I get asked all the time where I am from, and I say, “Kansas.” This answer is not usually enough to satisfy their curiosity, so they continue with a line of questioning to establish my parents’ country of birth. And their questions keep rolling until we reach the “I am a Native American Muslim revert” answer. 

I get it. It is hard to establish where a person is from when you can only see their eyeballs. I absolutely love it when people tell me to go back to my country — the ones that make that other 5 percent. Little do they know who is behind that veil. If they only knew!  

I get asked all the time where I am from, and I say “Kansas.” This answer is not usually enough to satisfy their curiously, so they continue with a line of questioning to establish my parents’ country of birth. And their questions keep rolling until we reach the “I am a Native American Muslim revert” answer. 

There are things that I have left behind along the way in my journey, like my guitar playing. It was hard to let go as I had been playing for around 15 years and loved it — but with great sacrifice comes great reward! 

As far as native traditions, tobacco is considered sacred. It is used in prayers as well as gifting and favors. I gave up smoking. I acknowledge its importance within the Native world, but I no longer use it.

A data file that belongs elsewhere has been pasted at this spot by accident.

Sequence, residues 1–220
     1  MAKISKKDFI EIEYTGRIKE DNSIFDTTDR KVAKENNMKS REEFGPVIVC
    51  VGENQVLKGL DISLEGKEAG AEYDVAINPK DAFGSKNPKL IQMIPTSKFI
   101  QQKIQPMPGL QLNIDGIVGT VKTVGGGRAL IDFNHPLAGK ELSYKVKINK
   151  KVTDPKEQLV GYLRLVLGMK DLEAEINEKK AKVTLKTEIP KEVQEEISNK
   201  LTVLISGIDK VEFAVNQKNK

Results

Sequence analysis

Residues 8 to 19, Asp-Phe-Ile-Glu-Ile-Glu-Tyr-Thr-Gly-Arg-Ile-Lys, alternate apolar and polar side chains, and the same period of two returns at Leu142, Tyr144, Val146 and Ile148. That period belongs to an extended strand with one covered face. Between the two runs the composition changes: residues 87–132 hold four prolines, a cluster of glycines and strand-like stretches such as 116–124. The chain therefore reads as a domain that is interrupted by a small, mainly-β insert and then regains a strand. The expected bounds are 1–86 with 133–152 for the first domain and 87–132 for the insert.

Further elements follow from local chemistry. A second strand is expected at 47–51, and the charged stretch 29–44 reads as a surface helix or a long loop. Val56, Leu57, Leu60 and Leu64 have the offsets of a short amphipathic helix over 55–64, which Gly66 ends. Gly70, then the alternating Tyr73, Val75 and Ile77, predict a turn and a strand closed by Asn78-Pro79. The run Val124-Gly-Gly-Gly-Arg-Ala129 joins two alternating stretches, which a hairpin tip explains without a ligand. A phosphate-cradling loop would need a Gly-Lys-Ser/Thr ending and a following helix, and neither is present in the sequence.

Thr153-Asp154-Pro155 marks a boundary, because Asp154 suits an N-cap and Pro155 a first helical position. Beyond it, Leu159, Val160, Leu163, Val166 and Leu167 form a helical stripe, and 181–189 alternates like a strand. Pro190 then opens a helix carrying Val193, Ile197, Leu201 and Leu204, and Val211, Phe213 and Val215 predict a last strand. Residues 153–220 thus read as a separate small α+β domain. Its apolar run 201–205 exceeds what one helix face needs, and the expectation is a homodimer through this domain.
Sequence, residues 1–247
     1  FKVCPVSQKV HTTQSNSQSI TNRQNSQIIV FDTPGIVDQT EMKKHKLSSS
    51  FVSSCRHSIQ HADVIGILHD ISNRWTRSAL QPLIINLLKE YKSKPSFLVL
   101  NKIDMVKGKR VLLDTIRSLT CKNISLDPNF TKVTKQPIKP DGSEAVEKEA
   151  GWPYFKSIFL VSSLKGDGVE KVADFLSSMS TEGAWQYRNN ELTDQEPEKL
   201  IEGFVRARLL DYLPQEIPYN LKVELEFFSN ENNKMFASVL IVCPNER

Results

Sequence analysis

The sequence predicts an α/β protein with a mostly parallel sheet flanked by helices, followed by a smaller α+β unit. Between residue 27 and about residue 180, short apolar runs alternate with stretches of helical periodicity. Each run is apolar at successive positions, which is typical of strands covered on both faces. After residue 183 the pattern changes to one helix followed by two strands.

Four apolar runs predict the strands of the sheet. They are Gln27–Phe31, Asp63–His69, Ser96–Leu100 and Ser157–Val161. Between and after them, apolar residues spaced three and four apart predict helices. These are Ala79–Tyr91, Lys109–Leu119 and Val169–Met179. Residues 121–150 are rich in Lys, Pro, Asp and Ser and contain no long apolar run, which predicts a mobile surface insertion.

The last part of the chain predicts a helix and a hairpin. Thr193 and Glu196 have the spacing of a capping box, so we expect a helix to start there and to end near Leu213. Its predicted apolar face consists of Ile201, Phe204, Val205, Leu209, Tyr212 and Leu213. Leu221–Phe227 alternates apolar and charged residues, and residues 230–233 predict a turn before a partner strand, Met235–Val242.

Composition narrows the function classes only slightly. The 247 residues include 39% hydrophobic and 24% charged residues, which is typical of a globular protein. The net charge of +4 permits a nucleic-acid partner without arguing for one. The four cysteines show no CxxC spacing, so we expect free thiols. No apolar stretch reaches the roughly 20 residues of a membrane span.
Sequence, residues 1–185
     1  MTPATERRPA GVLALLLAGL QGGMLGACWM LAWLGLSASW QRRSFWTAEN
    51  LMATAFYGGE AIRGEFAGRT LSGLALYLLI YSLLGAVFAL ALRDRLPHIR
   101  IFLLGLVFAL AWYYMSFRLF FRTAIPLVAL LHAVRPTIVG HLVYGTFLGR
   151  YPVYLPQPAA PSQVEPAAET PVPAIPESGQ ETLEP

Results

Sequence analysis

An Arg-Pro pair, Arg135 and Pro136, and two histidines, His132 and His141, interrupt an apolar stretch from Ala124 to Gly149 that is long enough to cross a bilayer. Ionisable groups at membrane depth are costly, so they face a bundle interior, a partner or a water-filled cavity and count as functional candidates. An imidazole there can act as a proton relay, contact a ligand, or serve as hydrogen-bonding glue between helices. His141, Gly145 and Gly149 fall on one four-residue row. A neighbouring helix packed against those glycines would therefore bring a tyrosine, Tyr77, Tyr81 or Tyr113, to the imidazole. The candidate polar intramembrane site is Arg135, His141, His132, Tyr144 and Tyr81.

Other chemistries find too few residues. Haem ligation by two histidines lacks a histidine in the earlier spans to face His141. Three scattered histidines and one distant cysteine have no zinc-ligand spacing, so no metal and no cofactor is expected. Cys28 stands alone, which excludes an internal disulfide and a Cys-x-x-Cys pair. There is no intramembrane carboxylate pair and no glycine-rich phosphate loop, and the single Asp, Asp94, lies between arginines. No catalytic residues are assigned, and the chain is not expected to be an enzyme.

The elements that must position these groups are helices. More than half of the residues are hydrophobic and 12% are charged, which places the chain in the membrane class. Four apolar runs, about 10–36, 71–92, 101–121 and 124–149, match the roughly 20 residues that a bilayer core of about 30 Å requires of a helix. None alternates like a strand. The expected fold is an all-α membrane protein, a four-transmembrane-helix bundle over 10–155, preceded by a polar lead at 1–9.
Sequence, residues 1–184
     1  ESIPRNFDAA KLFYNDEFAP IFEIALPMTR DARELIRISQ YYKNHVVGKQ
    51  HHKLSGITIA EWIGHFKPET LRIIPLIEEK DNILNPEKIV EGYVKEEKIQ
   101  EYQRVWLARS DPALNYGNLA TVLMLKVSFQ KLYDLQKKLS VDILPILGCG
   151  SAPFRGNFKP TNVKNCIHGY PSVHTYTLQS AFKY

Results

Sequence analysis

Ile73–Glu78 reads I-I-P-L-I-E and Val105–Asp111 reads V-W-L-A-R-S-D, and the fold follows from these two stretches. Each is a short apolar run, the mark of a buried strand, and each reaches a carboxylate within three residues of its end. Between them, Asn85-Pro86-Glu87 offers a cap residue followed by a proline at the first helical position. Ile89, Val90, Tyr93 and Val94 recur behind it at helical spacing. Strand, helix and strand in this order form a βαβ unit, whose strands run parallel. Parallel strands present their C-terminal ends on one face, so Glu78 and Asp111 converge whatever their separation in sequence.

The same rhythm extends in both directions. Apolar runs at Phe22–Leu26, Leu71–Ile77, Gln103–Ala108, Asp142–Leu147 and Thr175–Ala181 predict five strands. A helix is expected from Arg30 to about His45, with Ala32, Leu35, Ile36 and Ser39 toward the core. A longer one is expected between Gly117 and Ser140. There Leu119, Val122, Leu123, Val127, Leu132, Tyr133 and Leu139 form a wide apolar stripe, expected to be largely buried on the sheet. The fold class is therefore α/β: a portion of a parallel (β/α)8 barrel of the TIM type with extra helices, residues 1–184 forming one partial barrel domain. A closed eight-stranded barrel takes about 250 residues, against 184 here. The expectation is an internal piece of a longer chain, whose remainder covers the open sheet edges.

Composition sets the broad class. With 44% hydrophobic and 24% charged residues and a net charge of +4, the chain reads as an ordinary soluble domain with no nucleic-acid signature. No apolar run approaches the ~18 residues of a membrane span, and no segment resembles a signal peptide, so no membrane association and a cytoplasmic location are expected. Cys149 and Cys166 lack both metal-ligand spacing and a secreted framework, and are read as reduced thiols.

The same goes for smudging yourself and your home, along with some other “superstitions” like not looking into a mirror on a stormy night for fear that a spirit will look back at you. Ayat al-Kursi is my BFF in any scary situation. Islam has an answer for almost every situation!  

I would love to pass down my tribe’s history and stories to my children, as well as what I have learned as a Muslim. And, most importantly I would love to teach them that being a covered Muslim does not have to limit anything you want to do in life. You can swim, hike, run, lift weights, compete in sports, etc. As long as it does not compromise our religious duty, DO IT, GIRL! Stand tall and proud!  

Being a Native American Muslim woman gives me a unique identity and one that I am proud to carry around every day. Never stop learning and be seekers of truth and justice, and lift up the voices of others.